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We Explore Frances Wadsworth-Jones' Miniature Universe
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We Explore Frances Wadsworth-Jones' Miniature Universe

Picture of India Doyle
Updated: 9 September 2016
Ants and diamonds are not a natural fit, which is precisely why Frances Wadsworth-Jones‘ jewellery proves delightfully surprising. In her world, often overlooked objects reign – ants clamber around sapphires, slide along delicate gold chains and dance upon jumpers in brooch form. In an age where bigger seems to be synonymous with better, this playful jeweller provides a refreshing contrast with intricate detail that invites you to look, then look again. Ahead of her presentation in Rock Vault as part of London Fashion Week, we speak to the master of surprise about soldering humour with luxury design.

How did you decide you wanted to do jewellery?

It’s a funny one actually. It started when I was at school, and was assigned jewellery as an extra – curricular. I remember thinking ‘What is this? Stringing beads?’ That’s when I first started working in metal. Then I went to a foundation course and realised that although I was an artist, I was also a designer. I needed parameters and some kind of limitation to push against. So in a way I kind of fell into it. It’s the limitations and the precision in the materials that really attracts me.

Where you ever drawn to do bigger sculptures?

You know what, my life’s work fits inside a tupperware. I get really sucked into detail. It gets closer and closer and it’s really about the hidden things. I think a lot of what I make is for the wearer. It’s more about the details that wearer knows about.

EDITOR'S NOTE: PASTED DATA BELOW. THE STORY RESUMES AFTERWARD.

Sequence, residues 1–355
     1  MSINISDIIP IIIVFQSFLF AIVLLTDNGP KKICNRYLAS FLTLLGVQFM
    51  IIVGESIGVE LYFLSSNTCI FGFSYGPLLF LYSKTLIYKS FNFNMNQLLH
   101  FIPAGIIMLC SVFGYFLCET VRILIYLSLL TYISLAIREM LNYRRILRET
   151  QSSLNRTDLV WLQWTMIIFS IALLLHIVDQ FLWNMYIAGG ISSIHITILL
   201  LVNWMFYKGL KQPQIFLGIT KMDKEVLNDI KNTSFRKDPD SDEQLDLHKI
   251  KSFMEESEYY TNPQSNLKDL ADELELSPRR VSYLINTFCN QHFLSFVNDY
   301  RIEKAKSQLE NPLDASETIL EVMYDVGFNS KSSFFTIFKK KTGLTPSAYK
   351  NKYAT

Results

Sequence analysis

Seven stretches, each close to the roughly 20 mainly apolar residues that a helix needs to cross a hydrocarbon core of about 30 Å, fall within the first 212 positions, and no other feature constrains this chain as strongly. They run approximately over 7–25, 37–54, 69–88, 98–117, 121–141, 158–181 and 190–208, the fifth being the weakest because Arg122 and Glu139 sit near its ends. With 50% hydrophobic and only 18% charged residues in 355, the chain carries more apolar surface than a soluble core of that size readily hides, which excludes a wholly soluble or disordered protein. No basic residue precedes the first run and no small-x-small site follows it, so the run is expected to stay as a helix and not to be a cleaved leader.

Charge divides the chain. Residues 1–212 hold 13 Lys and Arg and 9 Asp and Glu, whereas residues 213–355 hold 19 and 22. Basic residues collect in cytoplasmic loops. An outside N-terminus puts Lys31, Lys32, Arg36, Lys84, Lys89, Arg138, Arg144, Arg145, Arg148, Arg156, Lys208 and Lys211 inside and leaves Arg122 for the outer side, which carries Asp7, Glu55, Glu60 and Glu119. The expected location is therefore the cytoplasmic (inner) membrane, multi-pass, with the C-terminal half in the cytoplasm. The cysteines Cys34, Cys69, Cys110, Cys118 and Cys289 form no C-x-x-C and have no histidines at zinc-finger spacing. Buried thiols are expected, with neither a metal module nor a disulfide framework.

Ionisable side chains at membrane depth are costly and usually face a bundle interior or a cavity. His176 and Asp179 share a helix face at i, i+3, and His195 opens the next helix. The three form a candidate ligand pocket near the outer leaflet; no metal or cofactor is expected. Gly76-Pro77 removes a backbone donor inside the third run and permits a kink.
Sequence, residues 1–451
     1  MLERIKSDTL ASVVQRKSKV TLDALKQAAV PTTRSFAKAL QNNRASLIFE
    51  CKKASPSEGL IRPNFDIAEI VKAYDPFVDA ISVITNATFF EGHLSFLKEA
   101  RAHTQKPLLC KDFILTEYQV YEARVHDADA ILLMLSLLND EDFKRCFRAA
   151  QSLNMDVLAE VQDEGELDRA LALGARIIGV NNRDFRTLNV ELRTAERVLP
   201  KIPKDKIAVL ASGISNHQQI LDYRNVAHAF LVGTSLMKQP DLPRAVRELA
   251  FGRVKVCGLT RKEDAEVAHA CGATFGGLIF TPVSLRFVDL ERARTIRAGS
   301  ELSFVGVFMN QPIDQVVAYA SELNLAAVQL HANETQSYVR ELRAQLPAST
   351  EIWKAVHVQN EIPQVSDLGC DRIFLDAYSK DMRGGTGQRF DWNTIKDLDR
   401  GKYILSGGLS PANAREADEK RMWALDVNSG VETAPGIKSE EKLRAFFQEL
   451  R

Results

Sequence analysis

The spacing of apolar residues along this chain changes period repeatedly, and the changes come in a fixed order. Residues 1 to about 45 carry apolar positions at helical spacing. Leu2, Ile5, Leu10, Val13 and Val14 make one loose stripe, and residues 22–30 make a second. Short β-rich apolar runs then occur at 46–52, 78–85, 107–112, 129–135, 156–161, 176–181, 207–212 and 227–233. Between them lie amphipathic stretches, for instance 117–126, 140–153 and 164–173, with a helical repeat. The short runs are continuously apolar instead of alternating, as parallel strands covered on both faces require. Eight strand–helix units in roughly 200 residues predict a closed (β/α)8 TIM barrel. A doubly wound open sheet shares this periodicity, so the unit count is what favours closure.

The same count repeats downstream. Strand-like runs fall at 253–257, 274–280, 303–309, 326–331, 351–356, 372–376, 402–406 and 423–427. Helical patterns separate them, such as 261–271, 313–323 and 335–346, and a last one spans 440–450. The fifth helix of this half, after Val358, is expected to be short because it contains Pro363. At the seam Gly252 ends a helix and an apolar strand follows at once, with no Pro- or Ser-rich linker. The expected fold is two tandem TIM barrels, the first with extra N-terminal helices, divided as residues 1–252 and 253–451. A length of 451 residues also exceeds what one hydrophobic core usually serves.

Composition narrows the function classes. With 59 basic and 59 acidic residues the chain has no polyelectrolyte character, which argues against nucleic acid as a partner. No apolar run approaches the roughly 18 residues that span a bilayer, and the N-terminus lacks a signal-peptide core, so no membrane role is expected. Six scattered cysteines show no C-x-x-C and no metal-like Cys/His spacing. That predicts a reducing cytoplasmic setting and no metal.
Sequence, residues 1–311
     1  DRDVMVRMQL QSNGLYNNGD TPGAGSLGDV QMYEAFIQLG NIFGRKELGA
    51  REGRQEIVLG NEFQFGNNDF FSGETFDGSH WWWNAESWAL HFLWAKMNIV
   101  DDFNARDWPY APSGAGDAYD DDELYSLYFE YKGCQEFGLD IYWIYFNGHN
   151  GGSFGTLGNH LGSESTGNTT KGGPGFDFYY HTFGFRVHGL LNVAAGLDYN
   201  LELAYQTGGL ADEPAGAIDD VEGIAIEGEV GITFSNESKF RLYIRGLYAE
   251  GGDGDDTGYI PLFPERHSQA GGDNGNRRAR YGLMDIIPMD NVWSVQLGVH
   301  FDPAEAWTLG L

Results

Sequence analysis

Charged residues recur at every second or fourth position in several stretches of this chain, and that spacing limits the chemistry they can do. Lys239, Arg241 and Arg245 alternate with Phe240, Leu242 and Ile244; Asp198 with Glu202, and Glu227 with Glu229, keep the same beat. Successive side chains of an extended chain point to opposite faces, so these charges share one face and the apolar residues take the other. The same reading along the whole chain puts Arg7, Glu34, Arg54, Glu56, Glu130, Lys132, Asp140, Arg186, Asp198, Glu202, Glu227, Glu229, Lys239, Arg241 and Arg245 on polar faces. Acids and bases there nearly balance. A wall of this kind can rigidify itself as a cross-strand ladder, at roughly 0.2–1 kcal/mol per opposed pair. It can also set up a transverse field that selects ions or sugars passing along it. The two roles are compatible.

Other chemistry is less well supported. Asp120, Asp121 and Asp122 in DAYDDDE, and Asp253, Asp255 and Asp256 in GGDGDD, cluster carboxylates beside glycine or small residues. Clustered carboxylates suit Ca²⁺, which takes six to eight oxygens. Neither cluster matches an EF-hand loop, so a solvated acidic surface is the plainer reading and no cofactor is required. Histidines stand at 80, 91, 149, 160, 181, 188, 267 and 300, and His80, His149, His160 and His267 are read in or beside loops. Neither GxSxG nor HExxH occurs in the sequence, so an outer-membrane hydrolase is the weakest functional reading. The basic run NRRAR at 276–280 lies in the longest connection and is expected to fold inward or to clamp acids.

Thieves VII © Frances Wadsworth-Jones
Thieves VII | © Frances Wadsworth-Jones

What was your inspiration for your early collections?

Things that interest me tend to be things that are overlooked. When I walk I always look at the floor, and a lot of things that come out in my work tend to be things that are discarded. So obviously the insects is one thing, but I’ve done stuff with stationary before and made brooches from bird shit… Those are actually my biggest things!

Why was it important to create pieces with a sense of humour?

I think a sense of joy is important. It’s funny because I’m quite a serious person, so the fact that humour is my work is kind of a funny thing. I guess the unexpectedness as well. If you’re working with precious materials there’s kind of an implicit seriousness about it. But then if you can shape that into being a bit more playful, a bit more unexpected… And it doesn’t undermine the craft, people have to respect it because it’s been laboured over. It’s a meticulous process! I work under magnification.

Atlas Pin Brooch | © Frances Wadsworth - Jones
Atlas Pin Brooch | © Frances Wadsworth - Jones

Where did the fascination with ants come from?

So, ants because… I love their scale and their behaviour. You can create a narrative that’s happening at their own scale. You don’t have to change it, so in a way it’s more realistic, and you can do such playful things. Things that disappear at a distance but are completely convincing up close. The collection is called Thieves. It’s the idea of taking quite traditional forms, like a solitaire ring, with traditional settings, but then having the ants dismantling it. The piece is dismantling itself. In a way it’s interesting, another paradox – creating nature using a machine. It’s interesting because I was resistant to using computer technology, but then when you realise it’s a tool which allows me to get that kind of detail I want. In the end it allows me to be even crazier with detail, because if you think you can zoom in on an ant’s head…

Will you move on to other insects?

The ant, I think, is my man. Insects are usually macabre, the ants are more like Dali and the surrealists. There is a long tradition of insects in jewellery, but I feel like the ant has been kind of under represented. These guys say more about me and what I want to achieve.

Atlas Ring RV | © Frances Wadsworth - Jones
Atlas Ring RV | © Frances Wadsworth - Jones

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